Things Couldn’t Get Worse to Brazilians Seeking US Visa. Still They Did

    US Ambassador to Brazil, Clifford Sobel

    US Ambassador to Brazil, Clifford SobelA Brazilian journalist said recently that if the businesses of the Ambassador to the US in Brazil, Clifford Sobel, had the performance of his consulates, he would have never left the list of anonymous entrepreneurs of New Jersey. That is a pretty hard statement.

    Why would someone say such a thing about an Ambassador, who by the way is not a diplomat and was nominated to the important office because he is a close friend of President Bush, and also an important fundraiser?

    The statement did not come out of the blue. Mr. Clifford Sobel arrived in Brazil last August, as the new Ambassador of the United States in the country. When he came, Brazilians had problems already trying to get visas to come to the US.

    With a more stable economy, and the devaluation of the dollar, there was more money available and Brazilians are known to be attracted by all the wonderful places and things the US has to offer for tourists coming from all over the world; and Brazilians have been coming to this country as tourists for a long time.

    There was a time, back in the 1990s, when Brazilian tourists lost in number only to the Japanese in places like New York, Orlando and Las Vegas. It was common then to walk into stores in Manhattan with signs that read "WE SPEAK PORTUGUESE," a language that in all of Latin America is only spoken by Brazilians.

    There was no problem then to get a visa to come to the US, one could do it usually through a travel agency, and it was a matter of filling out the paper work, making copies of documents and travel tickets and the passport would return with a visa that was good for 10 years in most cases.

    Occasionally someone would be asked for an interview, but that could be easily done at the Consulate in Rio, on the way to the airport. Simple and practical, as it should be, and as it is, as a matter of fact with most countries, in most consulates.

    Then things changed. Interviews were required more and more often, and visas started being denied. Because of the increase in the number of Brazilian immigrants in the US, the Consulates started applying more rules and making it more difficult for a Brazilian to get a tourist visa.

    It is understandable that the American consulates nowadays should have tighter rules, that they should be more careful and develop new criteria to give visas for foreigners to come to the US.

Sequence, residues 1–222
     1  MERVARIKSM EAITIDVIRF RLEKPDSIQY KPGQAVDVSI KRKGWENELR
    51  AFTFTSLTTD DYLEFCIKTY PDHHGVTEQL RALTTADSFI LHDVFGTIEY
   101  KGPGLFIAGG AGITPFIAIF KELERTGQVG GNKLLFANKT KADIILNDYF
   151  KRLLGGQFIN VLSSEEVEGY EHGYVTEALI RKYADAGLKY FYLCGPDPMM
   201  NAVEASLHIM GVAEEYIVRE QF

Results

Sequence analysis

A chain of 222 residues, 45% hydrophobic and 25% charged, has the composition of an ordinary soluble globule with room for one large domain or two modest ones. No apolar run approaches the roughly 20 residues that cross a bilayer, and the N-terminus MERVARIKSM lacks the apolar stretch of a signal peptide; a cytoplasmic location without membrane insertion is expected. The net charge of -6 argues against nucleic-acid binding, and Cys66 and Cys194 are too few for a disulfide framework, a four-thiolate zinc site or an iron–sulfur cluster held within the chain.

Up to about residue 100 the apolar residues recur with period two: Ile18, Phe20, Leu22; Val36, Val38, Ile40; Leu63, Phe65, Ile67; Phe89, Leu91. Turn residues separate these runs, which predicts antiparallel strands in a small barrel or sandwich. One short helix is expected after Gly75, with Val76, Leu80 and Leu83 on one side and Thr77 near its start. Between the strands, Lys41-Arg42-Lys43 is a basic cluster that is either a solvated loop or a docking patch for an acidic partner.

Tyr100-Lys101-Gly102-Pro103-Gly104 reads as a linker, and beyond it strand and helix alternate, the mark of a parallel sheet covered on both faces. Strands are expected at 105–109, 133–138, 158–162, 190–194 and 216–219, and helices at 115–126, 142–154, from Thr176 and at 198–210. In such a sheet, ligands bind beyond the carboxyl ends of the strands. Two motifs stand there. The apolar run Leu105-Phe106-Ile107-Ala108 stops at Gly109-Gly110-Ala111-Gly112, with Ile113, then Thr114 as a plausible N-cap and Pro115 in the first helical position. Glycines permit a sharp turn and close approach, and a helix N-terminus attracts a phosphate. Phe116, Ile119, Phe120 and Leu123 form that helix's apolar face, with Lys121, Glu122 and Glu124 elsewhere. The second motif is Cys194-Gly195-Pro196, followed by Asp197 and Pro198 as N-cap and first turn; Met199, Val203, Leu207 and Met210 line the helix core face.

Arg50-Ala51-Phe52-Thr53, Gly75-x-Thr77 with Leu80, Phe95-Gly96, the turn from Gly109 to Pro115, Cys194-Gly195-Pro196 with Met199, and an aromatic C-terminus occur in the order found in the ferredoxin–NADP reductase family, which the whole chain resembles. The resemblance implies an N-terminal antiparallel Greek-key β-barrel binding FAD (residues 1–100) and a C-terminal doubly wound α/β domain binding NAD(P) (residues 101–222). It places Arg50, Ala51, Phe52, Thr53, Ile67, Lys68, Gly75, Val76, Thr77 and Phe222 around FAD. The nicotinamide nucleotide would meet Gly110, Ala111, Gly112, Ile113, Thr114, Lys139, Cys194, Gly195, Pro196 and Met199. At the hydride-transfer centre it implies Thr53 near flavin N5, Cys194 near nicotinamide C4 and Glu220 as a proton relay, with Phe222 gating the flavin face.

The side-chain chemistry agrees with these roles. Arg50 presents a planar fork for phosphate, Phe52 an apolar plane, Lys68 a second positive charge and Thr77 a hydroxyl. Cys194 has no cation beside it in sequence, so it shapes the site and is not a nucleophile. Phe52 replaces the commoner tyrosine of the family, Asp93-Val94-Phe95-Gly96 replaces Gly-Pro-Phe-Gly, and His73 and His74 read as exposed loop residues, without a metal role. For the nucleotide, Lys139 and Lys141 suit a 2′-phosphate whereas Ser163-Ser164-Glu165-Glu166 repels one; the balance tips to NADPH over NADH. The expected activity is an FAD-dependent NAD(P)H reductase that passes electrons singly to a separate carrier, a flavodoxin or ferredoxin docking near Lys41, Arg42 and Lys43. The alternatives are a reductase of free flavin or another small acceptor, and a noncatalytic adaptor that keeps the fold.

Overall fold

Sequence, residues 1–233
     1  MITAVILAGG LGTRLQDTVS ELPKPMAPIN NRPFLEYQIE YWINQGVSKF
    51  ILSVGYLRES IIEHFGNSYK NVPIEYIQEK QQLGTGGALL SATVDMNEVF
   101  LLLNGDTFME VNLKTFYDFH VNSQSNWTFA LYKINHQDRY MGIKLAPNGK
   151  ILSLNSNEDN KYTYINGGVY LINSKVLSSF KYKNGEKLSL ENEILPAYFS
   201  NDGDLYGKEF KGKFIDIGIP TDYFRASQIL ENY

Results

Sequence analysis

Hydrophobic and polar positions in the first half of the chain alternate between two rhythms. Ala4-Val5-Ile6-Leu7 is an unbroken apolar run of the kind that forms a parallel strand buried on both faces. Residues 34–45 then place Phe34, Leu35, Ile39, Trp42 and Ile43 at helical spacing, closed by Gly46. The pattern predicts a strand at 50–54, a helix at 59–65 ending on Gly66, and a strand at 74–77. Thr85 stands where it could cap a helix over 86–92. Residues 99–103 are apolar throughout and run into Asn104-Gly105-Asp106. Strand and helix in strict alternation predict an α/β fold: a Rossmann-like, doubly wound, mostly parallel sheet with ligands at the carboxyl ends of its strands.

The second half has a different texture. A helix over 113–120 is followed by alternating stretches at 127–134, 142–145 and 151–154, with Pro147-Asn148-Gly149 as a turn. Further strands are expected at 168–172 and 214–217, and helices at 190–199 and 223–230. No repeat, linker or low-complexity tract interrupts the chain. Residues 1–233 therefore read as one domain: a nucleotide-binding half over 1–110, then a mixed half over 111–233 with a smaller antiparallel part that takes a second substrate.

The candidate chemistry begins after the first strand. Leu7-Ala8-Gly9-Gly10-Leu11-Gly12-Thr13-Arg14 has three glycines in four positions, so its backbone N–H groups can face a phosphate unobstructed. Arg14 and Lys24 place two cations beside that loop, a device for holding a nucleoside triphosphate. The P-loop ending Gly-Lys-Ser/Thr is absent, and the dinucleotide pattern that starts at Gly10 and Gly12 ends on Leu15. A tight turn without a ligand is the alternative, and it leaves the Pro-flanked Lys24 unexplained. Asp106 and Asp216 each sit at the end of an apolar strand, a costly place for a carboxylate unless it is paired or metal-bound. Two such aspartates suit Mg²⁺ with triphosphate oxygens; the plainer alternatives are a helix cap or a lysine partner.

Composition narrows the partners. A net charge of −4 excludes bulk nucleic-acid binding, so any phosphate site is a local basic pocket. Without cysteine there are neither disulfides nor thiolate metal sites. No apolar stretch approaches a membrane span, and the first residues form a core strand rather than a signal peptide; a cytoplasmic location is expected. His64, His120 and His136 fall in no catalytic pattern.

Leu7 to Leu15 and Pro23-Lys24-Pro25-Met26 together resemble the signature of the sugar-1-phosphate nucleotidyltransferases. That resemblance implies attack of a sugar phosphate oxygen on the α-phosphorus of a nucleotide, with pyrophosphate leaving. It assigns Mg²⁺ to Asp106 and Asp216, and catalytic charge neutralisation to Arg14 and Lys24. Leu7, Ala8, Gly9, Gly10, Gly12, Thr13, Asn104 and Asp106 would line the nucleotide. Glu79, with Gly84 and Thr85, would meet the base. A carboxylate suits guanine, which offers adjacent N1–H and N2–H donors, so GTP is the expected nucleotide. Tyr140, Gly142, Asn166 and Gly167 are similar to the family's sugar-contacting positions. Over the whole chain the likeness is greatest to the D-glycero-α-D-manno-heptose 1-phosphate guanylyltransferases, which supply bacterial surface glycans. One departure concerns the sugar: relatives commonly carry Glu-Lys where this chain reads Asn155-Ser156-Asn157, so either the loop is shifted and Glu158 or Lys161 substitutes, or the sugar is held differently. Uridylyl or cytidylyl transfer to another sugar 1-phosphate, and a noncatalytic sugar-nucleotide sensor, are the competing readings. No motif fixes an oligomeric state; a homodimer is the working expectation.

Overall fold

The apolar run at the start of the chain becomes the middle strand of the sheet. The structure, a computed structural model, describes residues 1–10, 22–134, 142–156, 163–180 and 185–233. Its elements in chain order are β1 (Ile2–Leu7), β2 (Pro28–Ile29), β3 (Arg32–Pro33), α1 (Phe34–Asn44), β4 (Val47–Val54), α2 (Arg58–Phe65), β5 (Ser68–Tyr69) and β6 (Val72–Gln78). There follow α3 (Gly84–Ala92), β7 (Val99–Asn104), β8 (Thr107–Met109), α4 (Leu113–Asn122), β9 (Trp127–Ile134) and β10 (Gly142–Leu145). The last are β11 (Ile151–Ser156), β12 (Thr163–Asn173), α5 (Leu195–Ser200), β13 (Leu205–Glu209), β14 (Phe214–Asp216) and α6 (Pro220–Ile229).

After all, much has changed, there was a World Trade Center attack, there is Osama Bin Laden out there somewhere in Afghanistan and there is a war in Iraq against, well, this part is not very clear.

    But why should things be so hard for Brazilians? Why is it that only very wealthy Brazilians find no problem in coming to the US and everyone else, even people with good jobs, a home and family of their own, cannot get a visa and get no explanation?

    When Clifford Sobel arrived in Brazil in August, the American Consulate in Rio imposed 49 days in a waiting list to Brazilians who were requesting a tourist visa to the US. It was pretty bad, but the arrival of a new Ambassador, who had charmed the press with good remarks about his new job and the country, threw new hope in the air.

    It was only natural, because no one thought things could get any worse. And usually, when things cannot get worse, they get better. This was not the case. Since Sobel took office at the American Embassy in Brasilia, the wait for a visa at the Consulate in Rio moved from 49 to 72 days.

    In São Paulo, the picture is not very different, only a little worse. After Sobel, the waiting went to 86 days, as opposed to the 73 days before he took office. In Brasília, at the Embassy where Clifford Sobel works, things are not any better, Brazilians used to wait 32 days and now they wait at least 49.

    Why is it so hard for Brazilians to come to the US these days? Is it because they are afraid of illegal immigrants? Maybe, but why in Paraguay things are different? It takes only two days for a Paraguayan to get a tourist visa to the US, at the American Embassy. This is the way it should be.

    What is wrong, Mr. Sobel? Why did things get worse after your arrival as the American representative in Brazil? Why the unfriendliness? With all due respect, why is it that the world’s most powerful country cannot show more respect for the South American giant?

    Let Brazilians come to New York, bring their children to Disney World, throw their money in Vegas if they so choose, give standing ovations during Broadway shows, shop in Manhattan, and try the English they have been struggling to learn in expensive language schools. Brazilians deserve a break and the US should welcome all the money that they are willing to spend here.

    No wonder the Brazilian press has been criticizing Mr. Sobel. Despite all the admiration for the culture he has been showing lately, particularly the enchantment with the Rio de Janeiro Carnaval scene.

    Clara Angelica Porto is a Brazilian bilingual journalist living in New York.  She went to school in Brazil and at the University of Wisconsin in Madison.  Clara is presently working as the English writer for The Brasilians, a monthly newspaper in Manhattan.  Comments welcome at clara.angelica@gmail.com.

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